I often write about how fatherhood changes men. In fact I have a whole book on it! But it is an important awareness and understanding in our psychology as men that keeps me at it. In fact it may be one of the factors that may shape a more cooperative, caring and peaceful future for our children and perhaps the world. You may think I have high aspirations…I do, but I am not inflating how important it is to understand all that being a dad means in the world.
There has been much improvement in gender equality over the last 20 years. Yet, what men do still seems to carry a quality of “extra” importance. Unfortunately, many of our social and political institutions perpetuate this. When a dad changes a diaper it seems like a great act of involved parenting and what a good man he is! Even though a mother can change 30 diapers a day and no one says diddle… It seems that the culture says…”when a man does it, it is important”….
In the dads group I facilitate the theme of raising the status of parenthood for men is the focus. If the culture says what men spend their time doing is important…then if we are active participants in our children’s lives what does that say to our children…that they are important! I think this is the trend for us here in the USA, to begin to re-prioritize what the value of family is. Why would this be happening?
I think we have come to the tail end of the Industrial Revolution’s benefits. That money and things generated by our 60 hour work weeks will lead to a meaningful life is in question. That men believe “whoever dies with the most toys wins” or my work is my identity, seems to be more and more hollow in understanding what is worthwhile in life.
As the Women’s Movement supported women in the world of work there came a need and opportunity for men/dads to be involved in home life and the caring of our children. I think this social change has led to something extraordinary and profound for men. Not all, but many men grow up believing they have to do it all on their own. No one can help and the “hallmark” of their masculinity is independence.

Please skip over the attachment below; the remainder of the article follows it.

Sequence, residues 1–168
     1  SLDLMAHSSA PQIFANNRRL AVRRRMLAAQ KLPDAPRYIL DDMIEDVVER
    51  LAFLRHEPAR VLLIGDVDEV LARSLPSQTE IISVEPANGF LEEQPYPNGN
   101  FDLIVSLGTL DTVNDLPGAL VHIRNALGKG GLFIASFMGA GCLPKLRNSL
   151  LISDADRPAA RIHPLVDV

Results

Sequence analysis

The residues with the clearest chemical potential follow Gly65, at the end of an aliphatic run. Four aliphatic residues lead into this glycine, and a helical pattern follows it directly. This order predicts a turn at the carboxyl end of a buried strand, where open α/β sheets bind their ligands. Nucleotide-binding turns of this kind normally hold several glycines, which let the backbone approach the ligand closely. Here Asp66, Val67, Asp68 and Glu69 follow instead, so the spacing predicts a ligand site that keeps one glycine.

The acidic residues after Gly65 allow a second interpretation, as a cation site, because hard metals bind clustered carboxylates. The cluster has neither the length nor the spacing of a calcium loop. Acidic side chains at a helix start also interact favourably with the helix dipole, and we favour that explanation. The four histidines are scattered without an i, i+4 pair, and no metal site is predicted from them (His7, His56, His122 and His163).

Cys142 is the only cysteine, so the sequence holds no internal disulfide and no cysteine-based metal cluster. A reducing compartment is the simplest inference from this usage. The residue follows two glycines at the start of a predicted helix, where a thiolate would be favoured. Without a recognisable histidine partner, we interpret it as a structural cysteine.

I remember, in my own psychotherapy, telling my analyst about some of the difficulties in my marriage. I ended my comments by saying “but I don’t want you think that I am just a needy guy”…at which he said “all of the needs you just expressed are what make you most human…you need to be able to depend on other people.”
If in our journey as men we get our normal need to depend on others “socialized” out of us on the alter of “being a man” how do we return to that most tender and human part of our selves?
It is my belief, and from my research it appears, fatherhood is one of the ways men discover or re-discover the deep masculine of their dependent and interdependent selves. Taking care of your child’s basic needs, feeding him/her and responding to her/his smiles and cries changes your whole relationship with the world. Nurturing and caring for our families allows us to begin to do that on a larger stage as we interact with the world. Fatherhood connects us to a tenderness and generosity in a world that goes beyond our own needs. This is the big shift I see in men when they become dads. It is the power of our children to re-awaken in us the vulnerable and tender parts that the harshness of life can so often drown out.
It was only about 40 years ago that dads began attending the births of their children. Now it is commonplace for the dad to be in the delivery room. The revolution has begun. Men now desire to be in the day to day life of their children and family right from the start. They no longer feel that “bringing home the bread” is their only role…they want to sit down at the table and “share the bread” with their family. As men struggle with the balance of work and family life….difficult as it may be…they begin to create a new possibility for not just their children and wives but for our society too.